The children of immigrants were learning from us African American Muslims at Duke University, but we were also learning from them. They definitely influenced my change in Muslim dress. I used to wear the head wrap that a lot of African American women wear. Now, there’s a diversity of hair covering in the black community because of the influence of all these different cultures. But still we tend to show our ears and our neck. So I started to cover my hair differently because I was considering the various interpretations of dress. I wouldn’t say others were doing it wrong, but I was starting to think that possibly this is the way that I should cover.
When I traveled to Cairo, I wanted to fit in so I started to cover this way (with scarf draped down across neck), and I actually preferred this look. When I came back to the US, I decided to continue this style. I also saw that it gave me even further passport into the immigrant community. If I went to a masjid, no one was looking at me a certain way; no one’s tucking my hair under my scarf, because it’s a major complaint among African Americans. In some mosques, when you go in there are women who start rearranging your clothes for you! Some black women take it personally and think it only happens to us. But just the other day my mom and I were somewhere with a diversity of Muslims and it was a Pakistani woman who had a piece of her hair come out of her scarf and another Pakistani woman was pushing her hair under her scarf because we were about to pray. So I said to my mother, “See! It doesn’t just happen to the black women”.
Do you have examples from your research where attitudes based on ethnicity or race surprised you?
I’ll never forget how I was invited to a South Asian woman’s home. I had met this second generation South Asian American woman at the Inner-City Muslim Action Network (IMAN) office; IMAN is known for bringing a diverse group of Muslim youth to do inner city work. They work in Latino, Black, and Arab neighborhoods on the South Side of Chicago. She and I set a date for me to meet her family, to come to her home in Bridgeview, which is an Arab Muslim suburb.
The daughter spoke quite differently compared to her mom (you can see this in my book). Her mother was talking about why she didn’t send her kids to public school or why they moved to the suburbs. She was explaining these reasons, including that black kids were mean and would fight her kids. Her daughter told me later that she disagreed with that. She said that it was the white kids who were the meanest; they were mean in ways that you couldn’t imagine. I came across this repeatedly where young Indian/Pakistani Muslim Americans would say they were really traumatized by their experience in public schools as minorities. That was new for me, because I wasn’t familiar with their particular forms of discrimination.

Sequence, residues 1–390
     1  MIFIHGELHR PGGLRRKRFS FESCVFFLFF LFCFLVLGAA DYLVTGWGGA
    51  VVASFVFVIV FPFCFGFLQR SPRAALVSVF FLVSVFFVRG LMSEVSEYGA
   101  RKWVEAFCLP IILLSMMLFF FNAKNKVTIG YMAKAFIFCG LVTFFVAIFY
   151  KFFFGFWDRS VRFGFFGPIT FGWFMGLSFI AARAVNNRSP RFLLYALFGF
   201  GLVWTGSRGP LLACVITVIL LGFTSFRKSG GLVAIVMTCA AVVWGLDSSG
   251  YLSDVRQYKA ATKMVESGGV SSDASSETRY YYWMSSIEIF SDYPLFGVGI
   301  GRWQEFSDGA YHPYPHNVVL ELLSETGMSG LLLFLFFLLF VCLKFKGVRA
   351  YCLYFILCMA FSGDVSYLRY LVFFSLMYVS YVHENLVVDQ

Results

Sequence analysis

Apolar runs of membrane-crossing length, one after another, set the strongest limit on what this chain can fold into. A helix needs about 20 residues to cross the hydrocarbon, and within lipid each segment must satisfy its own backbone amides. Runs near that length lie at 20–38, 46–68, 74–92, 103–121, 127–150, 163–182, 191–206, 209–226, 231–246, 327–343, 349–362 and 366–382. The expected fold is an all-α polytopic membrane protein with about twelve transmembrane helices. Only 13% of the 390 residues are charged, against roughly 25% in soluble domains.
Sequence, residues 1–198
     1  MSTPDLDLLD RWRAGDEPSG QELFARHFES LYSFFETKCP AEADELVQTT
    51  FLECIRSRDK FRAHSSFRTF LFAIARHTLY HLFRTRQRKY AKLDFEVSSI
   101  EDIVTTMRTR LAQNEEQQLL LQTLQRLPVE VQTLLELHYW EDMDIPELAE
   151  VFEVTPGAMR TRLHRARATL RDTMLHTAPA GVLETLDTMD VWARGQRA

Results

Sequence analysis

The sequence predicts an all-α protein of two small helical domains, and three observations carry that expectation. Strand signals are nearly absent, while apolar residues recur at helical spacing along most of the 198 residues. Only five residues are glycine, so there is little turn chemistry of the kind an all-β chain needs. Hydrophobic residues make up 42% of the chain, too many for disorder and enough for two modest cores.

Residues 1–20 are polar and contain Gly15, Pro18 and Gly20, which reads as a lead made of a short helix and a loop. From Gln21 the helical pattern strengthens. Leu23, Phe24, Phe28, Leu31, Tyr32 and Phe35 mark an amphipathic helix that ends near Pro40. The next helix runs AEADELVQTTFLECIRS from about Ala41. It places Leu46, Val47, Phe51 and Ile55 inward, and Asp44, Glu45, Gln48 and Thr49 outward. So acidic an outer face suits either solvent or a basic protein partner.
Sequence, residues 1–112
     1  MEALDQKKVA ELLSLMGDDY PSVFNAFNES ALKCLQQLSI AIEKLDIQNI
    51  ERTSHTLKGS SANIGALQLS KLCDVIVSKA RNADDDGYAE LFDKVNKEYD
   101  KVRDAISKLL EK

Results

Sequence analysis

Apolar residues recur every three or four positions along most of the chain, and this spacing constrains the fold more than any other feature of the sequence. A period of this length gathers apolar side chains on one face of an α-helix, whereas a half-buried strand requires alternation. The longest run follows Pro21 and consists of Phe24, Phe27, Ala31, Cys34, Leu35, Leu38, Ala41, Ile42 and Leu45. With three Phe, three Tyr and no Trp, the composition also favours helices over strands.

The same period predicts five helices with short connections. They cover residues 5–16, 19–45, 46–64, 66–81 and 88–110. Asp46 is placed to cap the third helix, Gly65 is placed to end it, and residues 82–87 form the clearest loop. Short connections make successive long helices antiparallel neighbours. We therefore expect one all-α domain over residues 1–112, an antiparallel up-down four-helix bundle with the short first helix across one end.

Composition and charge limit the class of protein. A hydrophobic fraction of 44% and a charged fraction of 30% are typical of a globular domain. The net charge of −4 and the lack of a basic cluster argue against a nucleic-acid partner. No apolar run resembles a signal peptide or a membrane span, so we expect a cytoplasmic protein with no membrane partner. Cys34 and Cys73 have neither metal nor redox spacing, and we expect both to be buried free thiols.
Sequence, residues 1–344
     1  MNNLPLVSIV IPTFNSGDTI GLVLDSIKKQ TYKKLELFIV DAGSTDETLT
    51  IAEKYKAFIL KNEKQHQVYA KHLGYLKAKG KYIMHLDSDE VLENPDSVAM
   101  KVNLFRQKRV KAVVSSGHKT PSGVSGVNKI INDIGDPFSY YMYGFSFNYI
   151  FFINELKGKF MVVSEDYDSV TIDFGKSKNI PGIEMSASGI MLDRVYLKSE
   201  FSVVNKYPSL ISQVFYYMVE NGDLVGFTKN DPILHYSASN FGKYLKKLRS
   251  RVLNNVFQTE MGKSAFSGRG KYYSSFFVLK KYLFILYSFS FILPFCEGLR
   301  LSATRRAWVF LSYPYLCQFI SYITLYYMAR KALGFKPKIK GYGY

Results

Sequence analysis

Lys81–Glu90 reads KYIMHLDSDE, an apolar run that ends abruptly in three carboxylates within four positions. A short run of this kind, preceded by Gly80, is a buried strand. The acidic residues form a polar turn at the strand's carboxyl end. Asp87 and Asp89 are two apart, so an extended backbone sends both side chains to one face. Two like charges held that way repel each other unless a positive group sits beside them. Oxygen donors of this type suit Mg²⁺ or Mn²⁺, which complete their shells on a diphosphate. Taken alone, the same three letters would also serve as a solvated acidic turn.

Based on your research, how can immigrant Muslims arriving in the US learn from African American Muslims??
Muslim women immigrants are trying to navigate how to be a Muslim woman and how to negotiate their culture with American culture. How do you use your faith – or become more educated in your faith – to figure out what things are cultural and what things are not? Muslim immigrant women are doing this independent of us, but they can benefit a lot from African American Muslim women. But because of such tensions, it’s very difficult to do that.
I think there is interest in how groups are collaborating and how they’re not in certain spaces and why. That kind of study is important because these are all minority groups, and sometimes they live in the same neighborhoods. In the United States, Indians are the minority group most clustered with whites, and they’re least likely to be clustered together. Generally Indian Americans are more likely to not live in ethnic enclaves and they’re able to live with white people. But immigrants living in the same neighborhoods with blacks are more likely to create moments of solidarity.
Editor’s Note: Jamillah Karim is scholar, lecturer, blogger and homeschooling mom. She is the author of two books, “American Muslim Women” and “Women of the Nation: Between Black Protest and Sunni Islam.” This is an abridged and edited version of an interview that appeared on the Georgetown University Berkley Center for Religion, Peace, and World Affairs’ blog. It is reprinted here with permission.